Hyperion Records

Landscapes of Patmos

'Eben: Organ Music, Vol. 5' (CDA67198)
Eben: Organ Music, Vol. 5
Buy by post £5.25 CDA67198  Please, someone, buy me …  
No 1: Landscape with Eagle
Track 1 on CDA67198 [3'44] Please, someone, buy me …
No 2: Landscape with Elders
Track 2 on CDA67198 [3'30] Please, someone, buy me …
No 3: Landscape with Temple
Track 3 on CDA67198 [6'30] Please, someone, buy me …
No 4: Landscape with Rainbow
Track 4 on CDA67198 [2'43] Please, someone, buy me …
No 5: Landscape with Horses
Track 5 on CDA67198 [6'57] Please, someone, buy me …

Landscapes of Patmos
Landscapes of Patmos is one of a number of works where Petr Eben has successfully combined the organ in partnership with different instruments (other than with the fuller orchestra of his two organ concertos of 1954 and 1982), works which include Okna (with trumpet, 1976), Three Jubilations (with two trumpets and two trombones, 1987) and Two Invocations (with trombone, 1988). Landscapes of Patmos was written in 1984 and commissioned by the Heidelberg Bach-Gesellschaft for the 1985 Bachfest. It was given its first performance on 31 May 1985 in the Lutheran Church in Heidelberg by Wolfgang Dallmann with the percussionist Wieland Junge.

In his introduction to the score the composer has written:

The combination of organ and percussion is one of the ensembles in which the organ can display the whole richness of its sound with no restriction to the softer stops. On imagining the sound effect of this combination, an atmosphere both festive and dramatic came to mind. This in turn led me to the Book of Revelations but I soon became aware of the difficulties of expressing all the richness of its contents in a few movements for two players. Therefore I narrowed my horizon to some single images from the Apocalypse – hence the title ‘Landscapes’. These events and symbols, which are inspired by the abstract and expressed pictorially, are diffused by the music into an analogical representation rather than pictorial.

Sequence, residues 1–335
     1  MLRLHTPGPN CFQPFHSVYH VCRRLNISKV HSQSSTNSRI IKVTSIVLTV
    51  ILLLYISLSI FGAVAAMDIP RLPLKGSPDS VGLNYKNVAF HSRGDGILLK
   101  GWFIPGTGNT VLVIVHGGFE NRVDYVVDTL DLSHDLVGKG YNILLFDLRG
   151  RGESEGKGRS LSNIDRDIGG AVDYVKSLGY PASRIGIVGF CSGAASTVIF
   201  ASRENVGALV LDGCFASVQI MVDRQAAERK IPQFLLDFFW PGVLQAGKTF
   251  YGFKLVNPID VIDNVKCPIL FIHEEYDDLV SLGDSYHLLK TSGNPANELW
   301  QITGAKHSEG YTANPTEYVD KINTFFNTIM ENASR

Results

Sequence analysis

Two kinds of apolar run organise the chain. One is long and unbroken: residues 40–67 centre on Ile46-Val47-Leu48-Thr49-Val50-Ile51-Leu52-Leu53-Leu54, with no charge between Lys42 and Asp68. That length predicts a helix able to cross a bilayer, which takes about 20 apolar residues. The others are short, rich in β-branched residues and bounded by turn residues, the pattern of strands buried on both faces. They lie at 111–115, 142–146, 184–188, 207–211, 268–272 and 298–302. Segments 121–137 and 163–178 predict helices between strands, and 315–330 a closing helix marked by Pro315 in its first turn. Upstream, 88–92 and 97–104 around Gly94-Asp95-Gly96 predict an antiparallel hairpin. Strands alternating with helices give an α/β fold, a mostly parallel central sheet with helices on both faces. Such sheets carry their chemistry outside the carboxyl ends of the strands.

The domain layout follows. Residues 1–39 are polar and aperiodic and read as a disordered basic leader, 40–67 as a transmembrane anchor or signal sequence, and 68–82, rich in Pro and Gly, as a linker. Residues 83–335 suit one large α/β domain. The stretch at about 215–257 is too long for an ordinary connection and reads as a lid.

The main, solemn movement, Landscape with Temple, is placed centrally – the third of five movements. Two shorter movements frame it, both sharing the same thematic material and having as their subjects symbols that are close to the throne, i.e. the Elders and the Rainbow. The outer ‘animal’ movements – the Eagle and the Horses – provide the dramatic elements to the work. Only in the last movement have I used two plainsong quotations: the fateful Horses are characterized by the descending Dies Irae motif which eventually gives way to the redeeming Victimae Paschali at the end of the Finale which, with its ascending melody, appears almost as an inversion of the falling Dies Irae melody.
As for the percussion instruments, my choice has been determined by my appreciation of the difficulties, all too often encountered, of finding suitable spacious organ galleries, often approached by narrow winding staircases. Therefore I refrained from using bulky instruments such as timpani, vibraphone and marimba.
The three main movements concentrate on three contrasting timbres: the first the drum head with tom-toms and drums, the second on metallic sounds with the tam-tam, cymbals, bells and glockenspiel, and the last on wooden sounds with temple blocks and xylophone. In the other movements the colour range is mixed.

from notes by Graham Melville-Mason © 2006

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